It always amazes me that people always want to paint Black life as poor and downtrodden. Moms Mabley was actually born to a very prominent strongly Christian family in Brevard, North Carolina. Her father, James P. Aiken was the son of a slave woman Jane Rhodes Aiken and her white master. He was born in 1861 during slavery. Moms mother was Mary Smith Aiken. The family ran several profitable businesses in Brevard. Her father was a well liked and well known citizen serving on the board of the local Rosenwald Colored School and also worked as a volunteer fireman. Unfortunately, James was killed in 1909 when he was thrown from a firetruck. He was mourned by the entire community both Black and white. Mary carried on the family business after James was killed and later married George Parton and moved to Cleveland, Ohio. Moms Mabley later joined her mother in Cleveland and began her stage career. Her family was much opposed to this given the negative image "show people" had in that day.


In Studs Terkel's book "The Spectator," Moms Mabley told Turkel that her biological father was a white man named Lawyer Duckworth who owned a barbershop and hardware business in Brevard, NC.

Lew Adams

Thank you for posting this Kliph, I really appreciate all your knowledge on black comedians. Please don't stop spreading your wealth of knowledge on the subject.


I have been informed about Ms. Mabley on yesterday and I can't seem to stop looking up information on this wonderful human being. I wish I had gotten to know her. I have never seen anything written about one person from so many white persons. She seems to have made it in this type of business. We fail to miss the fact that even then during her young life that the white man seem to think (police) to take what they want regardless of age or respect a person and that also goes for the black man as well.

Loria A. Clark

This is the first time that I have visited this web site. My father told me to look up Loretta Aiken on the internet because she is a distant cousin of ours. His last name is Aiken and he has been educating me about our family history and heritage. I am so excited to read this information and to share it with my three young daughters ages 8, 7 and 3. He also informed me of another famous cousin of whom I also have began to research. Her name is Sister Rosetta Thorpe, the gospel singing guitarist. I have a lot of work to do to trace my lineage and heritage to share with my girls. Thank you for this beautiful website.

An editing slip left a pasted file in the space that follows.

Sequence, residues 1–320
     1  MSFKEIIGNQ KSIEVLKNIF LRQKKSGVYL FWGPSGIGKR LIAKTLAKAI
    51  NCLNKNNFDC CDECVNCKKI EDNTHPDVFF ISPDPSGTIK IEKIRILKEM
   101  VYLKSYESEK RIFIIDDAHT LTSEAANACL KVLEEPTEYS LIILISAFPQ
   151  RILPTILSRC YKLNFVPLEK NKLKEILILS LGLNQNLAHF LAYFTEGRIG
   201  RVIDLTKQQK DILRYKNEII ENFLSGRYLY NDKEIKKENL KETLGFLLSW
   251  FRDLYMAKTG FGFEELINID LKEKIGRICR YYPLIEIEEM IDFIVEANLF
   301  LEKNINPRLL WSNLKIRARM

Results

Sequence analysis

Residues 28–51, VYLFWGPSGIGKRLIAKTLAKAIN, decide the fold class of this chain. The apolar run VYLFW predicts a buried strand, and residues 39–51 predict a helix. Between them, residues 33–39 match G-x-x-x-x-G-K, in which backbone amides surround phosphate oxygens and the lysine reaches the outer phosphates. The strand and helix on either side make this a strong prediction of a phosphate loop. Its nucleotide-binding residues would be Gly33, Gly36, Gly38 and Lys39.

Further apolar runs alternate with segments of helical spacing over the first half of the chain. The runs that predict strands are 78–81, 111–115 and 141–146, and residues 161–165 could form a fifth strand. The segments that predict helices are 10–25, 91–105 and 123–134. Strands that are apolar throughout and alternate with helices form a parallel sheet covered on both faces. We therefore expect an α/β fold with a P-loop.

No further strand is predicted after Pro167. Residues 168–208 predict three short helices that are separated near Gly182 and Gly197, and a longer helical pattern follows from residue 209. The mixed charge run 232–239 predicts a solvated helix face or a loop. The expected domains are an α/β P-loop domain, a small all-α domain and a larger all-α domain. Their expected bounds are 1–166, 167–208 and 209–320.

Scott Levine

Thank you for this post it was great. I really, really, enjoyed it. Great reading. I have only seen MOM'S a couple of times on tv when i was a kid. I have always liked her. She is very funny.


Does anyone know the name of the song or skit Moms Mabley had when she talked about the dream of a southern govenor. It was about blacks in the white house or something like that. Anyone???


The song/skit is part of her comedy recording "Moms Mabley At Geneva Conference." I don't know the exact title for certain. It was something like "Nightmare of a Southern Governor." I used to listen to it nearly 40 years ago (which is why I am a little fuzzy on the title.) It is available now on CD; the cheapest price I found including shipping was at Amazon.com. (You can also try Laugh.com.)

Moms ( Too!)

I wish Whoopie Goldberg would do her Moms Mabley show again. She was hilarious, got it just right. She paid a great tribute to Moms.

marlene johnson

I wish i could have meet her

Stefan Wheeler

Iam the great grandson of "Moms", I just happen to come across this site, and I most say it's one of the most imforminting I have found on my great grand mother. Great job.

Sidney S. Graubard

Dear Stefan Wheeler,

I had the pleasure of being "Moms" escort when she recorded her Mercury (1970) Record "Live at Sing Sing." I was going to introduce her, however it was thought it would be better if a Black Officer introduced her. This officer Henry Garvin, appears on the cover of the record jacket. I appear in a few pictures on the back of the record cover. It is I who was placing the handcuffs on her. We had a lot of fun that day. She was a very fine person and I think of her often.

Sid Graubard
Retired NYS Department of Correctional Services

Jim Vermilya

Dear Kliph Nesteroff,

I am doing a report on Moms for a humanities class and would love to cite this great page, however I am a bit apprehensive as there is no bibliography included. Is there any chance you could post one or e-mail me at my member address? I am contacting you through the blog as the e-mail link on your profile page is shut down, at leat from this locale.


Jim Vermilya

The comments to this entry are closed.